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Green goddess

(article, Matthew Amster-Burton)

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Green tea! It's loaded with antioxidants and polyphenols and stuff!

Not that I care; I drink green tea for its taste, not its health benefits. 

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h1.Mail-order tea

Remedy Teas carries organic Japanese teas and does traditional mail order at 206-323-4TEA.

You can order excellent tea directly from Japan at O-Cha.com, which also offers detailed brewing tips and a forum for tea geeks.

I'm also a fan of MyGreenTea brand, especially their teabags, available at YuzuMura.com.

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Tea isn't medicine that requires added sugar and fruit flavorings to make it palatable. Hot or iced, it's one of the most delicious parts of my day. 

The health news about green tea, however, has ended up doing consumers a disservice by flooding the market with mediocre tea products and blurring the distinction between Chinese and Japanese teas.

Take a trip to your local supermarket, and you might find Lipton 100% Green, Mighty Leaf Green Tea Tropical, Stash Premium Green, or Bigelow Naturally Decaffeinated. All will assure you that they are loaded with antioxidants. Some, such as Yogi Tea Slim Life, claim to help you lose weight.

But few will tell you — on the front of the box at least — whether they contain Chinese or Japanese tea. This is a major omission, because to my palate, Chinese and Japanese green teas are as distinct as green and black tea. They're grown and processed differently, and the difference in the cup is huge.

Chinese green tea has its fans — more than a billion of them — but Japanese is my personal favorite. "The Chinese like an astringency, a bitterness, that’s appealing,” says Anthony Arnold, owner of the Seattle café Remedy Teas. “Japanese, you’ve got more of a greenness, more of a light sweetness to them.” The difference comes from how the tea is processed: shortly after picking, Chinese green tea is pan-fired, while Japanese green tea is steamed.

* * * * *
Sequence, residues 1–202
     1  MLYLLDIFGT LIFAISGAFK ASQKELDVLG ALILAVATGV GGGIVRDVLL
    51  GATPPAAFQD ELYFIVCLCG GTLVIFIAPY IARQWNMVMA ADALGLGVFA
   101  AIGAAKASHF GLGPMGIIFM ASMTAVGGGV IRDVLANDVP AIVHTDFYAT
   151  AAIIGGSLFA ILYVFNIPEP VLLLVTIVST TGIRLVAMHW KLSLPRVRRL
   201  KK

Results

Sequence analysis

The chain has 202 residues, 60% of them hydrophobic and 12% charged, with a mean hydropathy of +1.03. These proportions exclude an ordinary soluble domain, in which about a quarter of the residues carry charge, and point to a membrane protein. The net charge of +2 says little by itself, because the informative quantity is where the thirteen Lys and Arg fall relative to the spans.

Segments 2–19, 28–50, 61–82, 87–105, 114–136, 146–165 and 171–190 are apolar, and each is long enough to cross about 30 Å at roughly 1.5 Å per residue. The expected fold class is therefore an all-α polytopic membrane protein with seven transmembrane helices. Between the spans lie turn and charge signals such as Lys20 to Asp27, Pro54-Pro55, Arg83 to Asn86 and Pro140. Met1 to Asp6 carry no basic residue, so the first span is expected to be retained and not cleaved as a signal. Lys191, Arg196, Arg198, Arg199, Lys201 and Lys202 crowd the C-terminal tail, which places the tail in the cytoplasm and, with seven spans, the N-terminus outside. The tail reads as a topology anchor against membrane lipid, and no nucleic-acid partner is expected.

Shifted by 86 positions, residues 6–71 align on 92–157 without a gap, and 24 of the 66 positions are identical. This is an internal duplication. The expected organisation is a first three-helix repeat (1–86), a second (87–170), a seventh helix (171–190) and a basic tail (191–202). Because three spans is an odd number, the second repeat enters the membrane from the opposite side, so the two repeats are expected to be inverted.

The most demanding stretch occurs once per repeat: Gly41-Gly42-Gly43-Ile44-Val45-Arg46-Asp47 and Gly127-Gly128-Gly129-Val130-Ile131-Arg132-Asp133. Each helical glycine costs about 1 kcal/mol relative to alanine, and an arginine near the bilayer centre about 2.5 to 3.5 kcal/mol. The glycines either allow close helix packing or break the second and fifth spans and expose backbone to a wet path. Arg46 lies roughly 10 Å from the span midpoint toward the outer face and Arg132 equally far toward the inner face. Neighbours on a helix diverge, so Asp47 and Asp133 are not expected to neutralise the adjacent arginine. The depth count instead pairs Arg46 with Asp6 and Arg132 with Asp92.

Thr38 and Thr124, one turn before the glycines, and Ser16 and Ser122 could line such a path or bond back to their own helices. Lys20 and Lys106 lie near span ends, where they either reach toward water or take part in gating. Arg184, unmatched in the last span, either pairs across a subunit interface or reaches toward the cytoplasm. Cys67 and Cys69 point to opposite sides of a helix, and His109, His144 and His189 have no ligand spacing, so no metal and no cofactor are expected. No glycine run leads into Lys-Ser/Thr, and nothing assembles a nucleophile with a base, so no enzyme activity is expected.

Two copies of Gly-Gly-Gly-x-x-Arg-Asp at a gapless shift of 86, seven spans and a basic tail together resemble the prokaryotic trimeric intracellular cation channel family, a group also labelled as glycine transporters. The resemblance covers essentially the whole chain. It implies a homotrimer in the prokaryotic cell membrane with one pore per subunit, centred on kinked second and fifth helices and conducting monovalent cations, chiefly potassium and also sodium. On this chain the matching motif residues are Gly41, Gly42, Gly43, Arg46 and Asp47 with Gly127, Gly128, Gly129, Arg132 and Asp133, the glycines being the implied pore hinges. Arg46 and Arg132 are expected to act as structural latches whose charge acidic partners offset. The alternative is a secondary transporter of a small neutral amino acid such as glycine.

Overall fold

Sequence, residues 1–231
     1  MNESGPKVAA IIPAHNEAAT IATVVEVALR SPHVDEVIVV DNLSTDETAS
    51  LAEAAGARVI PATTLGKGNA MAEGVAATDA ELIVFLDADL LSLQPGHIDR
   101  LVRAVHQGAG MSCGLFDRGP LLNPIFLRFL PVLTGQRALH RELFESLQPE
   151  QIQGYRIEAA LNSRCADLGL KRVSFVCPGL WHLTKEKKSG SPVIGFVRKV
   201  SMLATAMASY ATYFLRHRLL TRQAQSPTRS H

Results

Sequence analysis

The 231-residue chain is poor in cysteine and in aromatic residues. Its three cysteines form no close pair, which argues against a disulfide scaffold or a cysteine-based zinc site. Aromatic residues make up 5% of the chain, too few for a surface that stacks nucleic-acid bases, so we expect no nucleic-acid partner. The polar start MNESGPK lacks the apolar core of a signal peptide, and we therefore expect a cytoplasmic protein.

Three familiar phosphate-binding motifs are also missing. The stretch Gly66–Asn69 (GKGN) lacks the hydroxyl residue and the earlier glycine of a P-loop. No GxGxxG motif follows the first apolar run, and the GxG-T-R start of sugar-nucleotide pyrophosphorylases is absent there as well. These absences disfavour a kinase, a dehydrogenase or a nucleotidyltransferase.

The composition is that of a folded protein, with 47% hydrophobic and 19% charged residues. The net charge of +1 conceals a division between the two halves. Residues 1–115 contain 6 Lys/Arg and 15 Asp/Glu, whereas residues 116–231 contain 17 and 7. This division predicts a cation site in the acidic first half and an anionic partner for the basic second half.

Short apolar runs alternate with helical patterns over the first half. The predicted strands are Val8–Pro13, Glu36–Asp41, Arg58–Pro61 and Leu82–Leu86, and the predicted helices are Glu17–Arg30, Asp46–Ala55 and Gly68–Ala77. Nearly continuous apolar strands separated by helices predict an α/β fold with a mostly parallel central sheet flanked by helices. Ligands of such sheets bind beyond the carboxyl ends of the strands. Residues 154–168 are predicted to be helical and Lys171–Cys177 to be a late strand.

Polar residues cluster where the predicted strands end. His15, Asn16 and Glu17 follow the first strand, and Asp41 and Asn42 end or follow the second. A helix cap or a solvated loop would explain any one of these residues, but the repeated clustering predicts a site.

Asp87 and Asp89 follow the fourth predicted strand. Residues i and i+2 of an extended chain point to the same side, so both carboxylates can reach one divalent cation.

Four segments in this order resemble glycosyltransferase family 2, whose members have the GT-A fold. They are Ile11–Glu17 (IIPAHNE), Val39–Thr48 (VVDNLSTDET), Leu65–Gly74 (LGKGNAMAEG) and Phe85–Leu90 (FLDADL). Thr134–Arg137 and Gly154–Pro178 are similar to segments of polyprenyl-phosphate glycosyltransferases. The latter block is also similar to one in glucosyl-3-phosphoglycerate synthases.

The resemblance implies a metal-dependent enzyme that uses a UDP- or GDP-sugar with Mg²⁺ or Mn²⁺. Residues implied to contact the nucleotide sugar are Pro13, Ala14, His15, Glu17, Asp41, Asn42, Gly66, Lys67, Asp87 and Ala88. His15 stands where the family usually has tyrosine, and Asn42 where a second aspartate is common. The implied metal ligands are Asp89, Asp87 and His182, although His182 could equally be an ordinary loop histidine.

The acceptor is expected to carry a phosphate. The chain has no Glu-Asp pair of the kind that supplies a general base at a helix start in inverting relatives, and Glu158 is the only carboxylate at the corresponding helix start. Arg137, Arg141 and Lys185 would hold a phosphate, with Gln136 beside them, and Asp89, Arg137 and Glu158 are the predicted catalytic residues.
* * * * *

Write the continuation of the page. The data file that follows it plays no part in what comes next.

[%image reference-image float=right width=400 caption="A glass of iced Sencha tea may look beige, but it's genuine green tea."]

To underscore the point, Arnold poured us each six cups of tea, three Chinese and three Japanese. (Another customer glanced over at our table and said, “Tough life.”) I enjoyed all the teas, but to me the Japanese are cleaner, smoother, more like drinking a plant, which I find curiously appealing.

So if you drink supermarket green tea (which is largely low-quality tea from China), I'd like you to give Japanese a try. And because this is August and a hot cup of tea sounds about as appealing as a big pot of oxtail stew, you should try it iced.

Here's some good news. Compared to the huge diversity of Indian and Chinese tea, Japanese tea is a snap. If tea were wine, India and China would be France and Italy. Japan, on the other hand, would be New Zealand: an island nation with a small number of farms, making a high-quality product in a handful of styles.

Japanese tea tends to scare people off for several reasons, and I have solutions to all of them.

# Availability. "Japan is actually one of the smallest tea regions in the world," says Arnold. You're unlikely to find good Japanese tea in a supermarket, but any tea shop will carry it. (Find a tea shop near you at Teamap.com.) If you visit Peet's Coffee & Tea, they carry several varieties. Otherwise, your best bet is mail order. See the sidebar for details.
# Price. Japanese tea is a premium product and costs a lot more than Lipton. Per cup, however, even the most expensive Japanese tea costs less than a bag of Tazo at Starbucks.
# Brewing. Green tea in general, and Japanese tea especially, is finicky about brewing time and temperature. How do you tell when your water hits 170 degrees? You could pull out the thermometer or invest in an electronic teakettle. Or forget all that and just brew it cold (see the iced gyokuro recipe, for example).

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So forget overpriced bottled tea and join me for a tall glass of home-brewed Japanese green. It's probably good for you. It's definitely good.

p(bio). [matthew.reviews@gmail.com "Matthew Amster-Burton"] writes about cooking and culture from his home in Seattle. He keeps a blog titled Roots and Grubs.


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